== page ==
Tom Clancy, R.I.P.

Tom Clancy

It’s been a sad year for thriller fans. First, we lost beloved thriller master Vince Flynn to cancer at age 47. Today comes news of the untimely death of the inventor of the “technothriller” — Tom Clancy, at age 66.

Clancy propelled himself virtually overnight from an unknown insurance salesman to bestselling author with the release of The Hunt for Red October. Rejected by numerous publishers, it was finally accepted for publication by the obscure Naval Institute Press in Annapolis, which had never before released a single work of fiction. But that suspenseful tale of  Cold War cat-and-mouse submarine warfare was packed with authentic military technical detail, and it captured the public imagination.

Other memorable Clancy titles from among his many thrillers included Red Storm Rising, Patriot Games, Clear and Present Danger, and Without RemorseMany of Clancy’s tales became popular movies, as well. In all of his tales, the U.S. military, CIA, and special ops communities — represented by such fictional icons as Jack Ryan and John Kelly (“Mr. Clark”) — were portrayed as honorable heroes and American patriots.

Fearlessly outspoken and opinionated, Tom Clancy, too, was an American patriot. He also was a literary pathbreaker. We who write in the thriller genre owe him much. Rest in peace, sir.

UPDATE: I like this profile, including a video, in USA Today.

UPDATE #2:  I was quoted in The Capital Gazette, the Annapolis newspaper, on the death of Tom Clancy:

“It’s been a sad year for thriller fans and for thriller writers like me,” said Robert Bidinotto, author of the best-selling Amazon thriller “Hunter” and a Grasonville resident.  “First, we lost Vince Flynn to cancer at the tragically young age of 47. Now, Tom Clancy — also far too young at 66.”

Clancy was considered the founding father of the “techno-thriller” genre, Bidinotto said. “He set the bar higher for all of us, bringing a new sense of realism in his big, geopolitical stories,” Bidinotto said. “And in all of his tales, the U.S. military, CIA, and special ops communities were portrayed as decent, honorable heroes.

“This was a refreshing departure from the jaundiced cynicism that colored so many political thrillers … We who write in the thriller genre owe him much, and will miss him greatly.”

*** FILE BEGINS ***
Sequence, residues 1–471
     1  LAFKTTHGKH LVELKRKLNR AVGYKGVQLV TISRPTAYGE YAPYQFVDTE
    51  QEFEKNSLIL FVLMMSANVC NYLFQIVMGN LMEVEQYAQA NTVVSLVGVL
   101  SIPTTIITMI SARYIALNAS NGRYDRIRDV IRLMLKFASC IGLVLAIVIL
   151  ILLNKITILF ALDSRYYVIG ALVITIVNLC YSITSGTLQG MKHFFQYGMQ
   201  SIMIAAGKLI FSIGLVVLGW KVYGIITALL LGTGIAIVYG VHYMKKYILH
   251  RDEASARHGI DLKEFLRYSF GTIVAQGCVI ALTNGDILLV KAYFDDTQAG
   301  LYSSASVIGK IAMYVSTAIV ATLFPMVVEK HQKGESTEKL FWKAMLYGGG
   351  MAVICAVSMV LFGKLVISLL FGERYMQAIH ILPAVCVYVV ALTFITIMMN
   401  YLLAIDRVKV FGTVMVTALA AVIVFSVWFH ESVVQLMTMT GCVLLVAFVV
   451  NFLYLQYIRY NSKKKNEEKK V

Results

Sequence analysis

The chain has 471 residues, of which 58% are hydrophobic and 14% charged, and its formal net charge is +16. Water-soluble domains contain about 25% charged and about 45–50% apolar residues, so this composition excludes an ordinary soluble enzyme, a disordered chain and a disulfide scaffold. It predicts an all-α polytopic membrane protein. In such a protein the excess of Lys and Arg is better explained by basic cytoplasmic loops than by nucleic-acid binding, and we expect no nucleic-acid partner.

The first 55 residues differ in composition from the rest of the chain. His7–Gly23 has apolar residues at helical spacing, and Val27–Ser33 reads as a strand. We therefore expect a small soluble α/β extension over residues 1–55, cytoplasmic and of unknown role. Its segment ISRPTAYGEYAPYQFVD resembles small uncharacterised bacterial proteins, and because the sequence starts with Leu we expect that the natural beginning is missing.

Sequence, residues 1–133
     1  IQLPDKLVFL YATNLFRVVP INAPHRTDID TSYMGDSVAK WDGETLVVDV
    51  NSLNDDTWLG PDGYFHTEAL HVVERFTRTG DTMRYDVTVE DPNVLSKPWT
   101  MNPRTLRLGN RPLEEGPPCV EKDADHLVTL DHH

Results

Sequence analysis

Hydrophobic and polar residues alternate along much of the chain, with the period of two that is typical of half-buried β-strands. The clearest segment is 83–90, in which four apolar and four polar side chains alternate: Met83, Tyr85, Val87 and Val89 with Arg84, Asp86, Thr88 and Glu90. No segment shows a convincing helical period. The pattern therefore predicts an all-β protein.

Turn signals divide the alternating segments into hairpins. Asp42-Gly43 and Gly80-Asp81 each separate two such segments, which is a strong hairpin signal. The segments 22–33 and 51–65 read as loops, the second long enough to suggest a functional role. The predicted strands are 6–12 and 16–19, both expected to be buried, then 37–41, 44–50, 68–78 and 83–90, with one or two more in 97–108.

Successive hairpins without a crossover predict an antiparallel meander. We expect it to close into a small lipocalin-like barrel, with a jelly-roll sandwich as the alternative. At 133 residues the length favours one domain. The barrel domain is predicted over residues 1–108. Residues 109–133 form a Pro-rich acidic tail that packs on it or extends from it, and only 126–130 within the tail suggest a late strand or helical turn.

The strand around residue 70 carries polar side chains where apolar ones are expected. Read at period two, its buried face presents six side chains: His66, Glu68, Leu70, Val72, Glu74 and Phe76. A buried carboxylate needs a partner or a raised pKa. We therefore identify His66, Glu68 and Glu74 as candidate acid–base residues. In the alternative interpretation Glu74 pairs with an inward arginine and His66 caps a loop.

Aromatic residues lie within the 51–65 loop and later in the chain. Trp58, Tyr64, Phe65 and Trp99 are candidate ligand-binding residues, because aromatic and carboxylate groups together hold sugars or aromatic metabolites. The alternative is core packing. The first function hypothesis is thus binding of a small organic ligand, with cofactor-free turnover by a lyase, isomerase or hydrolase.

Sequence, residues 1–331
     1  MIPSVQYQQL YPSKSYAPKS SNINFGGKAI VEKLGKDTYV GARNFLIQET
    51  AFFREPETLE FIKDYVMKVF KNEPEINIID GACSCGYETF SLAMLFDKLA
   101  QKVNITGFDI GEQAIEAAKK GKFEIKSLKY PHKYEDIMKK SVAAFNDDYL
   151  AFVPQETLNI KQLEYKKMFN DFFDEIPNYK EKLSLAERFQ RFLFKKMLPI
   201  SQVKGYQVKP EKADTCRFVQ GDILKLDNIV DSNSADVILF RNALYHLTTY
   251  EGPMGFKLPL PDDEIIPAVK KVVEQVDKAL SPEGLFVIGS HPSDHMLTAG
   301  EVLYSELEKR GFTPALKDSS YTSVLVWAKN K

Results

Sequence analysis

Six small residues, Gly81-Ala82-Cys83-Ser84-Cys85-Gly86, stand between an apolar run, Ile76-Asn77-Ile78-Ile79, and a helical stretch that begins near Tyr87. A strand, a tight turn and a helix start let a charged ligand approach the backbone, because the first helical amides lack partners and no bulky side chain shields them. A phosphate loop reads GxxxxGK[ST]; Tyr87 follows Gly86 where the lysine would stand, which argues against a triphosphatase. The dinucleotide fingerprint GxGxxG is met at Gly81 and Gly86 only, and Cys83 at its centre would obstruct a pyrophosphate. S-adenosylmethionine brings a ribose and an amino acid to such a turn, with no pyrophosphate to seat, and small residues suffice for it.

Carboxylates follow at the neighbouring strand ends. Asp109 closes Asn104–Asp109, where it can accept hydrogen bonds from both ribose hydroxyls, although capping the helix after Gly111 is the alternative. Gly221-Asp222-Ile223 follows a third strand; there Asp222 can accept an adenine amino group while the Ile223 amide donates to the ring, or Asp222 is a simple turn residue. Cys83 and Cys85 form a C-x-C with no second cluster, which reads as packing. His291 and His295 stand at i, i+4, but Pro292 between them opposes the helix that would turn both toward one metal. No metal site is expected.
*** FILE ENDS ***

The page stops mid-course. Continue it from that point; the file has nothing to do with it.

UPDATE #3: An outstanding tribute in The American Thinker to two seminal thriller authors who died this year, far too young: Vince Flynn and Tom Clancy. Definitely worth your time.

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8 Responses to Tom Clancy, R.I.P.

  1. Anna Rolen says:

    Thank you, Robert. What a writer was Tom Clancy, Requiesat in pace.

  2. Guy Portman says:

    What a legend, he will be remembered forever.

  3. Kevin Pickell says:

    I read a quote from Clancy that said Naval Institute was the only publisher he submitted the Hunt for Red October manuscript to, and that it was accepted. And so he said that he was lucky to have never received a rejection letter. But he will be missed, and I’m considering going back to read some of his classic thrillers, starting with: The Hunt for Red October

    • RobertBidinotto says:

      I had read in a number of places that he couldn’t find a publisher, and settled on the Naval Institute Press. But lately, I’ve been hearing what you just said, Kevin, so I’m not sure what is true. Either way, I’m sure glad that he found his way into print! He has given us some great tales.

  4. Kevin Pickell says:

    I think he has a new novel due in December – his last gift, so I’m gonna put that one on my wish list.

    • RobertBidinotto says:

      Yes indeed. I believe Mark Greaney, author of The Gray Man (a fabulous novel) and its sequels, will once again be listed as the collaborator on the novel.

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